Letting children create in their own way, at their own pace, is a great way to encourage independence. Sometimes it is best to watch and not ask the questions, ” What is that? What are you making?” As adults we want to understand what is happening in the child’s mind during the creative process, but often the child isn’t even aware. They are simply creating in the moment. An activity that allows them to make whatever they want allows the child to truly exist in this moment. They can connect more with the way the materials feel in or on their hands. They become mesmerized by the shimmering of the glitter as they sprinkle it all over the paper. They love to see how big they can make a mark, or how the colors slowly blend together to create pools of rainbow swirls. Even the sound of the paint brushes on the paper is engaging for them as they explore all the materials interacting with one another.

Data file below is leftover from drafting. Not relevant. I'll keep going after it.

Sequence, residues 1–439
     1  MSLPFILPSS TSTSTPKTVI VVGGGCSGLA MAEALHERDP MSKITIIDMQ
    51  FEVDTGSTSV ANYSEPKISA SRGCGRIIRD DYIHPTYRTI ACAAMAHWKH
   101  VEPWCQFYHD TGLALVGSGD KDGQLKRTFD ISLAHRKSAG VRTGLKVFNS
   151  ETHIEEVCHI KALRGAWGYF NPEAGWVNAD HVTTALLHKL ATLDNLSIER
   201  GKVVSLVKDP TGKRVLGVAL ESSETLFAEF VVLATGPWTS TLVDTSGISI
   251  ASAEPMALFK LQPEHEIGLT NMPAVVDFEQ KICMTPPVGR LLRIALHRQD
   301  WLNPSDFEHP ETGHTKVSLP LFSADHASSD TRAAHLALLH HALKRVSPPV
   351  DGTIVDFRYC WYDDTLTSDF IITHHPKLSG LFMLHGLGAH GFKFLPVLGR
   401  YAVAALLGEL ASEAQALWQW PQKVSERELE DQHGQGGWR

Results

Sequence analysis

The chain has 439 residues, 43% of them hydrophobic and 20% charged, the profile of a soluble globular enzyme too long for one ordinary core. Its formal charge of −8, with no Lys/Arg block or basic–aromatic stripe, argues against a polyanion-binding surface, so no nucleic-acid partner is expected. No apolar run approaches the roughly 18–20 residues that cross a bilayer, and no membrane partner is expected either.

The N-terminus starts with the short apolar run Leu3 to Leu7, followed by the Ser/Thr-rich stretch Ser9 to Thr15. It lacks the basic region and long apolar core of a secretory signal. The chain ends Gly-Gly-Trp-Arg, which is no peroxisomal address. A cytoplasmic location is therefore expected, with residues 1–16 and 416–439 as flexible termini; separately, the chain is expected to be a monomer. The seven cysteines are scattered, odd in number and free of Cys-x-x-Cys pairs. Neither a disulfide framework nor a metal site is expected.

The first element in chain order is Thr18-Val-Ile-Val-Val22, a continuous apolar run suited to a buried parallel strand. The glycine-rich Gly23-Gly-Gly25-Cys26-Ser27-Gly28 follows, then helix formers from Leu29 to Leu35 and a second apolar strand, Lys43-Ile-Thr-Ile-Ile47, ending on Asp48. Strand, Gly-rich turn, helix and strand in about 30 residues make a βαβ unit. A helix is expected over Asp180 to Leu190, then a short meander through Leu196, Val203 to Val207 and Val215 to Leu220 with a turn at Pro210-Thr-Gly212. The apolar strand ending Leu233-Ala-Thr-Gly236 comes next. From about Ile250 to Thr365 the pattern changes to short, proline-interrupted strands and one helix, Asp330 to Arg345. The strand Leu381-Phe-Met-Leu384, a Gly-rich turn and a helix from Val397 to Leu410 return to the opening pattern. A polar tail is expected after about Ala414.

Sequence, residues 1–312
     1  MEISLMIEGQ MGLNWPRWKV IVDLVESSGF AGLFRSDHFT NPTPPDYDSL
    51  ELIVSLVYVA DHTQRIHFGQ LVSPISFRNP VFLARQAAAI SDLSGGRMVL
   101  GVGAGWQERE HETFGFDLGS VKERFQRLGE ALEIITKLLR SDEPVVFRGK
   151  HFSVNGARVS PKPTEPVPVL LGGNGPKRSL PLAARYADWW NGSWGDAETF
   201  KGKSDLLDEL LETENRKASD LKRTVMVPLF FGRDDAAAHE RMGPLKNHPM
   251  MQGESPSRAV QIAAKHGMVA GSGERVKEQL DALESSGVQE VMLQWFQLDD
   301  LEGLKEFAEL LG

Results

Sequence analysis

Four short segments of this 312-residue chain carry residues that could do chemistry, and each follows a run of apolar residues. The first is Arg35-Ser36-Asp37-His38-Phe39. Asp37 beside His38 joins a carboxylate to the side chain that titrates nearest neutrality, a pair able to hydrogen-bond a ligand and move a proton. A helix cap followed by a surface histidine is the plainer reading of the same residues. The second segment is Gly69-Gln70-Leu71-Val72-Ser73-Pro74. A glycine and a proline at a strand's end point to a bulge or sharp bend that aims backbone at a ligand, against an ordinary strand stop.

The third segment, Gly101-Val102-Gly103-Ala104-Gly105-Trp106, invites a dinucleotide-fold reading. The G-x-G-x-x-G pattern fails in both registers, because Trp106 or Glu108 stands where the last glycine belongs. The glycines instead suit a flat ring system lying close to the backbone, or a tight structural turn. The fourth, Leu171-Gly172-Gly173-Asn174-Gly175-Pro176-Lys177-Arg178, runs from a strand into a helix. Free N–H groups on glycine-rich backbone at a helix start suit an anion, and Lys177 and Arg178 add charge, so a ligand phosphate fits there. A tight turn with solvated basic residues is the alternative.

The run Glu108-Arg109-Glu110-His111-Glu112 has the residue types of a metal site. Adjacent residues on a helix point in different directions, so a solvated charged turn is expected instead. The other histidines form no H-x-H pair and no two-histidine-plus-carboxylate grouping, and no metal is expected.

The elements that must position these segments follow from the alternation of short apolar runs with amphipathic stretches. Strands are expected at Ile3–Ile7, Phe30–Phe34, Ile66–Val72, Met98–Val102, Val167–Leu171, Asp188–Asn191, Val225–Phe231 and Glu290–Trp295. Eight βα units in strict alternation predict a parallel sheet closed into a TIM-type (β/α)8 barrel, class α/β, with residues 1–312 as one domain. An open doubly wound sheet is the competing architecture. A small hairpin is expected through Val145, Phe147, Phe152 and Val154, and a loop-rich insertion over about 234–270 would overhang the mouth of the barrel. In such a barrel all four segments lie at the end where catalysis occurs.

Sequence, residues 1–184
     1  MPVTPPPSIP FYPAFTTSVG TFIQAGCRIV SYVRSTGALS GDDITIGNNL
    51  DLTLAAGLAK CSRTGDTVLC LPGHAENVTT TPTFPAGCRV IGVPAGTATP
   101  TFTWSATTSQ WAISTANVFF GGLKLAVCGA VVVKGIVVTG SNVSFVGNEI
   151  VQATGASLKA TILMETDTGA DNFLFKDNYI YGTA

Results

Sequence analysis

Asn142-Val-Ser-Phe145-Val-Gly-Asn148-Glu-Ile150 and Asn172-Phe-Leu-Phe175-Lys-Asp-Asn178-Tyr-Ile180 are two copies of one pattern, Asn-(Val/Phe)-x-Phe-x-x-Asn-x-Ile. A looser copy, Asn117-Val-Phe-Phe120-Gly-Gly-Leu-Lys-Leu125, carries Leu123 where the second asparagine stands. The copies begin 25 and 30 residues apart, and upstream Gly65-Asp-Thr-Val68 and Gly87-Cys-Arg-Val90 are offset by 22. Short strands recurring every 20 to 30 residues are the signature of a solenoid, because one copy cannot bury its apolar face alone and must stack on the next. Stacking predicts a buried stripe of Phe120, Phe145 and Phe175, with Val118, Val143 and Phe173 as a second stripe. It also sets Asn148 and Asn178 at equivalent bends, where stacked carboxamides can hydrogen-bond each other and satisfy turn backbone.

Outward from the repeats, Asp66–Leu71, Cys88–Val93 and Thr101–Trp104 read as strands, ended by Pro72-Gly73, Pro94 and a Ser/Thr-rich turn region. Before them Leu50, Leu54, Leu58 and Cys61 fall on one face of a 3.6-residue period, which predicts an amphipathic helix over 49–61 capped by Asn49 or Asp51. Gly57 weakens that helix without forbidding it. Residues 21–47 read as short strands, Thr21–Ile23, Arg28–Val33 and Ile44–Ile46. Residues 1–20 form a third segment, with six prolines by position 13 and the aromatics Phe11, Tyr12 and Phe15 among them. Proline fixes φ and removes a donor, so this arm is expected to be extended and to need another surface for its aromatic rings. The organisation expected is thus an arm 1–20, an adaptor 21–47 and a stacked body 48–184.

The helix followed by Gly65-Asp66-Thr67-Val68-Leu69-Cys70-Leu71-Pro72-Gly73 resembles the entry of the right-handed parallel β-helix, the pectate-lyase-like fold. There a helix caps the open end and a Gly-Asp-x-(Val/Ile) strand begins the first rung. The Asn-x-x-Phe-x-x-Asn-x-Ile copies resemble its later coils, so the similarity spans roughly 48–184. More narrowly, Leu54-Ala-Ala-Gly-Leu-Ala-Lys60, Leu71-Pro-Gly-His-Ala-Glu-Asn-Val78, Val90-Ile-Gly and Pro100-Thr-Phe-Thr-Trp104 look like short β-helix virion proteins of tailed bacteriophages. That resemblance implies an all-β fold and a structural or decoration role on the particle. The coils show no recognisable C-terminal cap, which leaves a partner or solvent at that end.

In this activity the group of children were given complete control over the materials they used and how they used them. I explained that I would not be pouring any of the paint or directing the mural in any way. I was there to observe and help them if they requested other materials. The focus of this was to let them find a balance amongst each other without my help, all sharing the same materials and same space. The emphasis was on communication and respecting one another, as well as on the freedom of imagination without limits or guidelines.